An operation lasting 3.5 hours that replaced the hip of a patient suffering from “marble bone” in late October was the first surgery of its kind in Vietnam and the 30th in the world.
Nguyen Dinh Hieu, Deputy Head of the Department for Sports Medicine and Orthopaedics (right)
“This was a war of nerves and brains for both surgeons and the patient,” said Nguyen Dinh Hieu, Deputy Head of the Department for Sports Medicine and Orthopaedics, of E Hospital in Hanoi.
In general, hip replacement surgery lasts 45-60 minutes. But this surgery lasted 3.5 hours conducted by a team of four surgeons and many nurses.
Marble bone is a rarely seen disease, which is caused by genetic mutation. There are two severe forms of the disease, which may cause death before a patient turns one year or 10 years old. The third form is milder, but it causes inconveniences to patients.
Hieu explained bone formation and bone destruction exist at the same time. The imbalance of the two processes causes abnormalities. In the case of osteopetrosis, bone destruction cannot be implemented, which leads to an increase in bone density and calcium deposits in bone. As a result, bone cannot develop and becomes brittle and easy to break.
“This disease, as opposed to osteoporosis and Osteogenesis Imperfecta, or OI, is characterized by overly dense bones,” he said.
The patient who had the operation was Do Hong H, 24, from VinhPhuc. Because of the disease, H had broken her bones five times in the last 24 years.
H’s two elder sisters also suffer from the disease. Their problem was identified in 2002 at the National Hospital of Pediatrics and they were the first Vietnamese patients diagnosed with osteopetrosis. Three of them have broken bones many times.
H is 1.49 meters tall and the hip joints on both sides did not develop. She suffered pain in that area. Her right leg gradually became shorter than the left one. She limped all the time which affected her spine.
In August, surgeons at E Hospital, after many consultations, decided to carry out a hip replacement surgery for H.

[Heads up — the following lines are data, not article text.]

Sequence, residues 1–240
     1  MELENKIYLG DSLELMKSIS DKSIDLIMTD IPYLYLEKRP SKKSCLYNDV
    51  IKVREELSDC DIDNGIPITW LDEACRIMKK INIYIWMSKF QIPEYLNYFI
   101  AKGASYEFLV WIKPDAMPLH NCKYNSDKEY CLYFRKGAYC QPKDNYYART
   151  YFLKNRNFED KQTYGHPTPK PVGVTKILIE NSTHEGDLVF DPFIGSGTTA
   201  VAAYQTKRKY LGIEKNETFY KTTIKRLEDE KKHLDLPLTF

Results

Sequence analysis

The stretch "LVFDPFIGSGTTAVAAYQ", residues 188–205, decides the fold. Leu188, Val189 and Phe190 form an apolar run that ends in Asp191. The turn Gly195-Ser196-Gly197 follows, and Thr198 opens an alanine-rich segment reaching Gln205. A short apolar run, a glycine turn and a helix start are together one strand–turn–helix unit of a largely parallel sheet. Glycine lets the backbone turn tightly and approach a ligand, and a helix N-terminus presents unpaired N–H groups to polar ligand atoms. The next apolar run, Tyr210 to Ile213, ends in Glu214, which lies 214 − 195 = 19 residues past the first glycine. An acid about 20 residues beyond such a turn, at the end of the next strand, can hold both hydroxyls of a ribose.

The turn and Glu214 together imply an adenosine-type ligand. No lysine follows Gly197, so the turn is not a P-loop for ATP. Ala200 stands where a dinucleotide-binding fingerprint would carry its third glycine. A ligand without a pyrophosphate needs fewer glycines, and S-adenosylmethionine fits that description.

“When H was informed that she could have surgery, I felt like I could see a light in my life,” Hieu recalled.
H was hospitalized three weeks before the surgery. She had health examination and imaging diagnosis. Two weeks before the surgery, she was put in traction. As she suffered limb shortness for over 20 years, soft tissues contracted. If she had undergone surgery without the traction, she might have become paralyzed. After two weeks of traction, the difference in limb length was shortened to one centimeter.
Hieu said he and his co-workers were under stress the days before the surgery. To date, there have been only 16 articles about the surgeries to replace hip joint in osteopetrosis patients, carried out in China, Japan and France. If the operation succeeded, it would be the 30th successful operation in the world.
According to Hieu, surgery of this kind has many possible complications. The first one is fracture during and after surgery because the bone is brittle. This has happened with 70 percent of the 30 previous surgeries. Another complication is nerve paralysis.
If the femoral canal was solid, it would be impossible to put equipment into the canal to carry out operations.
At 9 am on October 26, the patient was anesthetized. The surgery was full of difficulty as anticipated by Hieu and his co-workers. It was completed at 12.30, after 3.5 hours.
“Only when receiving the patient from the recovery room and seeing that her leg could move and was not paralyzed did we feel reassured. Though we prepared many scenarios, we could only sigh with relief at the last minute,” Hieu said.
The patient’s condition improved two weeks later. At this time, the patient is still experiencing pain because of the long incision, the bone destruction and fracture. When the situation becomes stable, doctors will assess the improvement after the surgery.
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